“As a child Sebastian Briglia wanted to be American, and luckily for him at the time, so did his parents. They emigrated from Bulgaria in 1991, not long after the fall of communism. As an adult, he wanted to be Bulgarian again, mostly because of his mounting legal troubles in America, though unfortunately for him at the time he was estranged from his parents and Bulgaria as he remembered it did not exist anymore. Later he began to suspect that Bulgaria as he remembered it never existed.
He has attempted to reach a balance between what he thinks he wants and what he thinks he needs by exploring spirituality and materialism both on and off drugs and new wave music, in urban as well as rural environments. All of this, of course, has been to no avail.”
New Wave and the Art of Heroin Maintenance I: http://amzn.to/Os0V9g
New Wave and the Art of Heroin Maintenance II: http://amzn.to/WFqh3d
A video of me reading a passage of “New Wave and the Art of… I” to clips from a heroin documentary and shots of surreal sculptures: http://youtu.be/aBx9ug7QSUA
Raven in the Motel Room
From “New Wave and the Art of Heroin Maintenance I”
by Sebastian Briglia
Right around that time, in Canada, Raven and I started to get a little more energy as the main part of the heroin withdrawal was easing up. It was awkward because without drugs it would turn kinky really quickly, before even any physical contact with each other. We desperately turned to our imaginations and our own organs for that fix. We treated each other like 900 numbers, like sex workers, like peep show strippers.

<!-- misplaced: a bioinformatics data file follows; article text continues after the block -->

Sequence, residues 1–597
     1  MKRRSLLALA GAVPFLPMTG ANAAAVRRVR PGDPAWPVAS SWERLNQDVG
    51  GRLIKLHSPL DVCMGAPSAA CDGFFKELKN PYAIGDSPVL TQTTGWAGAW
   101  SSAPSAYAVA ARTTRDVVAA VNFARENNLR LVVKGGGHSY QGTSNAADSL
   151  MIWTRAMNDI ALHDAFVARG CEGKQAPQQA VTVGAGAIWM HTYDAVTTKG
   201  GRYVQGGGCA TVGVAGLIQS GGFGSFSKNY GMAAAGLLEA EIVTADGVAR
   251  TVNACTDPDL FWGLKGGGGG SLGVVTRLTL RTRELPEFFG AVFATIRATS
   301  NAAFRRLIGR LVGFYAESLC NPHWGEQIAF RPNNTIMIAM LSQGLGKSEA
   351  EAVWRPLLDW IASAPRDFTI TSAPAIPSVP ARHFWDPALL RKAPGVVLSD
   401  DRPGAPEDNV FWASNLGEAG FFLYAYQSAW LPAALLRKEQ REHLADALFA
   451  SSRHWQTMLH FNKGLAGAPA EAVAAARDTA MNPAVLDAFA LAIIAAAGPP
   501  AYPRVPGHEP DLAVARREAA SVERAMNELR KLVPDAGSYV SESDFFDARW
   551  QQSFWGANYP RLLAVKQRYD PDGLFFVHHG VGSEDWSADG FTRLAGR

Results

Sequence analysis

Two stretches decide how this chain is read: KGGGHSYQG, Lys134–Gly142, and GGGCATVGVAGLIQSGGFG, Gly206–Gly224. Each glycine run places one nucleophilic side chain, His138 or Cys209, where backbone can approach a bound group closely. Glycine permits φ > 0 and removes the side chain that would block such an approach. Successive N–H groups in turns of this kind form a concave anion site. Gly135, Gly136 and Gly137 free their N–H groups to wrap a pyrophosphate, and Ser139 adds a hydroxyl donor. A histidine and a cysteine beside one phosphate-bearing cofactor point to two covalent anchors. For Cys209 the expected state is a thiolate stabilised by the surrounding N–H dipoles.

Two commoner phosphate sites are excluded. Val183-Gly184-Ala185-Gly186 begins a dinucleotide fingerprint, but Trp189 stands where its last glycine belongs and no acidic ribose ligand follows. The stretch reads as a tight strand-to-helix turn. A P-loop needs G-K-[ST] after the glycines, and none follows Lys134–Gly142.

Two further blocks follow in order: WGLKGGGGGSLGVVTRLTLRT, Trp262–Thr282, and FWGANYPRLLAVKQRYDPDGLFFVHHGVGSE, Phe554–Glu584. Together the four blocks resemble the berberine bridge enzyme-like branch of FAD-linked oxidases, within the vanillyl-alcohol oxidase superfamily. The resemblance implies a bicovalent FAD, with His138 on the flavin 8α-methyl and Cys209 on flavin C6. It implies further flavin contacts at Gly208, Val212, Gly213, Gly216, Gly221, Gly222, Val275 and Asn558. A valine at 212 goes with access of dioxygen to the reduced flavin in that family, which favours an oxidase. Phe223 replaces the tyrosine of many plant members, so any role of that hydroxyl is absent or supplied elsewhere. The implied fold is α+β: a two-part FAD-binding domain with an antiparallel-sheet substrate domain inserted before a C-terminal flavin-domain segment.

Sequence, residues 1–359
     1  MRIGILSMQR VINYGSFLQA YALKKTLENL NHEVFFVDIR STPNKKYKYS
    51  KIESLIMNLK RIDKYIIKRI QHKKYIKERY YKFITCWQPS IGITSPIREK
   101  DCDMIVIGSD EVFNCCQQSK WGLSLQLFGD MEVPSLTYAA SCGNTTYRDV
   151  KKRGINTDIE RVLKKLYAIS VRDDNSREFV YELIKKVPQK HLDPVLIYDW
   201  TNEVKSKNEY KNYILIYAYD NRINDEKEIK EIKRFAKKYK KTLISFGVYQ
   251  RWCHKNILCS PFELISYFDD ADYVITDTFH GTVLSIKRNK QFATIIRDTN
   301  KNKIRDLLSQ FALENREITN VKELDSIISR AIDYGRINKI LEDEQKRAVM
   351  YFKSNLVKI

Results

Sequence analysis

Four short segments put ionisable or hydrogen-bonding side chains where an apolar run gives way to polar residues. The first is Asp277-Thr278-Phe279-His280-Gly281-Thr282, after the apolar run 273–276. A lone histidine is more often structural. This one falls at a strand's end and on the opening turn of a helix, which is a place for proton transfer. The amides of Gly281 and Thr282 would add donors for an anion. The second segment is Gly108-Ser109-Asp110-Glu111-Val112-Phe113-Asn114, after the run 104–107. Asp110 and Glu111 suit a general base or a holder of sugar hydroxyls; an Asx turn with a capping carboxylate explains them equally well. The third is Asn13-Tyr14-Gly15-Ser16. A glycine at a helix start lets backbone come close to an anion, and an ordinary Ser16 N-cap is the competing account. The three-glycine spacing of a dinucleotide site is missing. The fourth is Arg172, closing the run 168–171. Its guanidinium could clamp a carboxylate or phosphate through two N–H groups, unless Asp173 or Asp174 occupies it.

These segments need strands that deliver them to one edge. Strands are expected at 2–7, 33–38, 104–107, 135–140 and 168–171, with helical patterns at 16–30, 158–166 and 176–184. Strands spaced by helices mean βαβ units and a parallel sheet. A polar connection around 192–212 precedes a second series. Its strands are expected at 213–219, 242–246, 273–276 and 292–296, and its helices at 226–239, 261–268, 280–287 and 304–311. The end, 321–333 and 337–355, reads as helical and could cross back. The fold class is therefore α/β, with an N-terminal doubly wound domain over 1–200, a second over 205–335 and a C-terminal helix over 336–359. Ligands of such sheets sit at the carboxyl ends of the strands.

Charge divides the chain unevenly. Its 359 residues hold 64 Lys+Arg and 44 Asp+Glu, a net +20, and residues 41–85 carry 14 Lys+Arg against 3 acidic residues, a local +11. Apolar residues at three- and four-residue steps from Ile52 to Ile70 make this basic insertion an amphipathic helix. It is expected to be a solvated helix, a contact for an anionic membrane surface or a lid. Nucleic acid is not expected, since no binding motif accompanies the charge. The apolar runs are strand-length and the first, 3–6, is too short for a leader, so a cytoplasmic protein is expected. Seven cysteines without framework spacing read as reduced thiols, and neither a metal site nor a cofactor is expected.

“You don’t even know what kind of… trouble’s coming your way…” Talking dirty was hard sober.
“So fuck me then” her hand was already digging into her unzipped
jeans, pushing her panties down and exposing the pubic strip she had just trimmed in the bathroom, her hand trembling as if she were shaking the bubbles in a syringe to the top. Her other hand was already under her black t-shirt, thumb and forefinger squeezing something pink and hard and eager. “Take off your pants!”
Junkie malnourishment made my emaciated belly muscles look like a six-pack, since I still had no belly fat. Below my belly button I had shaved just the way she liked it. A lot of preparation had gone into this… When I looked at her again her long naked legs were spread wide and she was foaming under her finger in the middle.
Her half-bare torso was hunched forward on the unmade bed, pushing her palm-sized breasts together, moisture from her pores pooling in the middle. Tiny pink towers protruded out of them, stopping her shirt from getting past her chest. Her cheekbones were red under her wide-open green eyes and sweat made her chin glisten. Her hair was already a mess.
“I’m going to start with that wet mess and then bend you over…” I started saying as I was engaged in my own energy-absorbing activity.